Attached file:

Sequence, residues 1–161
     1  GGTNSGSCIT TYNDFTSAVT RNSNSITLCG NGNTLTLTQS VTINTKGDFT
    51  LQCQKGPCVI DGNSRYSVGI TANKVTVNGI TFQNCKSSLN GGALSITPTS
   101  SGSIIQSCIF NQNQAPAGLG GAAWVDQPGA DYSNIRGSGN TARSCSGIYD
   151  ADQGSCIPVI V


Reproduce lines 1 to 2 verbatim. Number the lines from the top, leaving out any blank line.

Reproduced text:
Sequence, residues 1–161
     1  GGTNSGSCIT TYNDFTSAVT RNSNSITLCG NGNTLTLTQS VTINTKGDFT